FOR most people a trip to some sunny land this time of year would be something to look forward to but the prospect of flying to Australia, New Zealand, Japan and Singapore didn't appear to fill Herman with too much excitement.
"I would like to be in Britain all the time," he explained. "But we all realise how important it is to travel as much as possible in order to become internationally known."
Already Herman's Hermits have conquered the American and most of the European markets. Now they are setting out to take over the Southern hemisphere.
Part of the group's export drive involves recording in foreign languages and when I met them at London's Kingsway Studios they were busy cutting two numbers in French.
Present at the session were managers Harvey Lisberg and Charlie Silverman, producer Mickie Most, French songwriter Danielle Gerard and recording manager Claude Ebrard, who was helping Herman with his French pronounciation.
Herman was in a glass cage singing merrily when I arrived. Mickie Most was sitting in front of an enormous panel dotted with knobs and switches, while Charlie and Harvey chatted in a corner with the two Frenchmen.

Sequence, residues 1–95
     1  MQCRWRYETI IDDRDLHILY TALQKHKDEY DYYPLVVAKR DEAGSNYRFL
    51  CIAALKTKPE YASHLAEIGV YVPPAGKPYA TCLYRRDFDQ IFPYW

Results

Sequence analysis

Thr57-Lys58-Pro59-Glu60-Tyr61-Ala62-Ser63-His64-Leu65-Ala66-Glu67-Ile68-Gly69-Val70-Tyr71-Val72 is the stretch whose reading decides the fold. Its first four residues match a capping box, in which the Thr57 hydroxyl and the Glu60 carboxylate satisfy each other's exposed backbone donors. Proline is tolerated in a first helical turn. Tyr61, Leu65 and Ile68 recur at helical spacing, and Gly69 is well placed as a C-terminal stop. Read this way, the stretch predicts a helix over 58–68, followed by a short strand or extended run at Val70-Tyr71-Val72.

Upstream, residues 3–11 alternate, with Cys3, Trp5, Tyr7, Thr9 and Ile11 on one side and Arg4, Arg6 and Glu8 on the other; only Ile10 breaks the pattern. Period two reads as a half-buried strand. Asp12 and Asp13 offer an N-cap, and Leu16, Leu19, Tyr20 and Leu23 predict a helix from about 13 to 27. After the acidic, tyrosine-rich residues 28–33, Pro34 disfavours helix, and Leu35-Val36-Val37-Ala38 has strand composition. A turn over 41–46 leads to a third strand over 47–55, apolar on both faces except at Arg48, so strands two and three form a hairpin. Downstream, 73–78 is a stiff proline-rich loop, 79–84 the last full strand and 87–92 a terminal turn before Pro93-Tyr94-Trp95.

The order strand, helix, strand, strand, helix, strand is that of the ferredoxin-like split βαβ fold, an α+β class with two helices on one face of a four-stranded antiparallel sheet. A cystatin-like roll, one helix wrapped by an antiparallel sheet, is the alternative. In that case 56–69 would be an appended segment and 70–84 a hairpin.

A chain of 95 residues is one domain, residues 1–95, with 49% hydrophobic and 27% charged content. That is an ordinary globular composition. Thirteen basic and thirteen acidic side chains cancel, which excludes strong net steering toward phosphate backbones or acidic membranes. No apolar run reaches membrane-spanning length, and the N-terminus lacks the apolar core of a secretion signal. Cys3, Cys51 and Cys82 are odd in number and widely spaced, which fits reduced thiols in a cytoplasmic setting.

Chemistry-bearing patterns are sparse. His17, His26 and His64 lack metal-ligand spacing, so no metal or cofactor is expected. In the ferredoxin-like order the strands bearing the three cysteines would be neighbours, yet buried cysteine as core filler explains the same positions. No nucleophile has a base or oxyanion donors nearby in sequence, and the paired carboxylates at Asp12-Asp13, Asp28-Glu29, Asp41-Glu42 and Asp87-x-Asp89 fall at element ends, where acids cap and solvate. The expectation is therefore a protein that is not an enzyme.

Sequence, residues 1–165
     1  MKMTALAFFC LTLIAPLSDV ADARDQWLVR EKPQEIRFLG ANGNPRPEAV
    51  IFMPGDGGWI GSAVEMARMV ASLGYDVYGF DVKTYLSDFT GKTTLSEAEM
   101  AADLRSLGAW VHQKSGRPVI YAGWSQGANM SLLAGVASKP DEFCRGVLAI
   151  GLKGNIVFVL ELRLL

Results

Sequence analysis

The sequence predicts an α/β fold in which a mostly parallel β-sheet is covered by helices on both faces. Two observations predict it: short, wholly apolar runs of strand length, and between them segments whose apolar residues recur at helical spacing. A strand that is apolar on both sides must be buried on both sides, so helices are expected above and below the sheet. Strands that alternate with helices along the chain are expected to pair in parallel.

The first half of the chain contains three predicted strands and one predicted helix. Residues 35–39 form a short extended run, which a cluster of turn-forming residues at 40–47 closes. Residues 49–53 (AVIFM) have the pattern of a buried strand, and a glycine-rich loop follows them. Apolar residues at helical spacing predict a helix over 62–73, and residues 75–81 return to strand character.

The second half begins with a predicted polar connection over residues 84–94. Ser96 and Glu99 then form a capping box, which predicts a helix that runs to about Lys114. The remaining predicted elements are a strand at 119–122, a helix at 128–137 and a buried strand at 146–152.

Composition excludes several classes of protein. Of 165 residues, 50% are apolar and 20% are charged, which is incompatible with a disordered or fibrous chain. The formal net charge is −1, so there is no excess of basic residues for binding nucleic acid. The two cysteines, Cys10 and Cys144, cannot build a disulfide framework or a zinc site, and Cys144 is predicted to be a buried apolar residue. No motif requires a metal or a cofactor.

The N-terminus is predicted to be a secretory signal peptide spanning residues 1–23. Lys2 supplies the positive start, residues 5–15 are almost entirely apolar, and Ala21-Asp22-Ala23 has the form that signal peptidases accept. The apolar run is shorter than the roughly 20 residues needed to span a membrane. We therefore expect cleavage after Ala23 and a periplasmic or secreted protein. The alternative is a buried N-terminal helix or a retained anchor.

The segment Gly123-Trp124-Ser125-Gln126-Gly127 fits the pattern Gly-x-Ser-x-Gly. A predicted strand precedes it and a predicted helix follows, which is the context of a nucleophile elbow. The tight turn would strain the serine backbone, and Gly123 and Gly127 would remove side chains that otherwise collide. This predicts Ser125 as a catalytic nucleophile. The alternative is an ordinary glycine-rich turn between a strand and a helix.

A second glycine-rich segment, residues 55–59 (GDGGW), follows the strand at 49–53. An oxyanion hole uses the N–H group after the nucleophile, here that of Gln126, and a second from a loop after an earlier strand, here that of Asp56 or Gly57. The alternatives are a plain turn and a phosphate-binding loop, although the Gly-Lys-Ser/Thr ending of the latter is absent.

He looked thoughtful for a moment and then went on: "When we finish this coming tour we'll have been to 13 countries - and that's in 18 months.
Mickie Most flicked one of the switches on his "dashboard" and into a microphone asked Herman, still singing in the glass box, to repeat the last verse. "The French wasn't quite right," he said.
"Sorry. I had a frog in my throat," said Herman as he fell about laughing. No one else did.
The number perfected, Mickie informed everyone that they could go home. Herman appeared in the control room and suggested we went for a meal.
On the way to the Knightsbridge restaurant. I asked him why it was that whenever his records started climbing, he had to leave the country.
"It really is impossible to judge when a record's going to get into the chart," he said. "And this tour has been fixed for months. Possibly we should be here to promote it but we have taped quite a few TV spots for transmission while we're away.
"It's certainly not a case of bad management or mix-ups of any kind. I feel that Herman's Hermits is one of the most fortunate groups around. All the people around us are the best there are."
"Our agent Danny Betesh, managers Harvey and Charlie and Mickie Most who makes our records - they're all very talented people to work with."
Previous | New Musical Express Index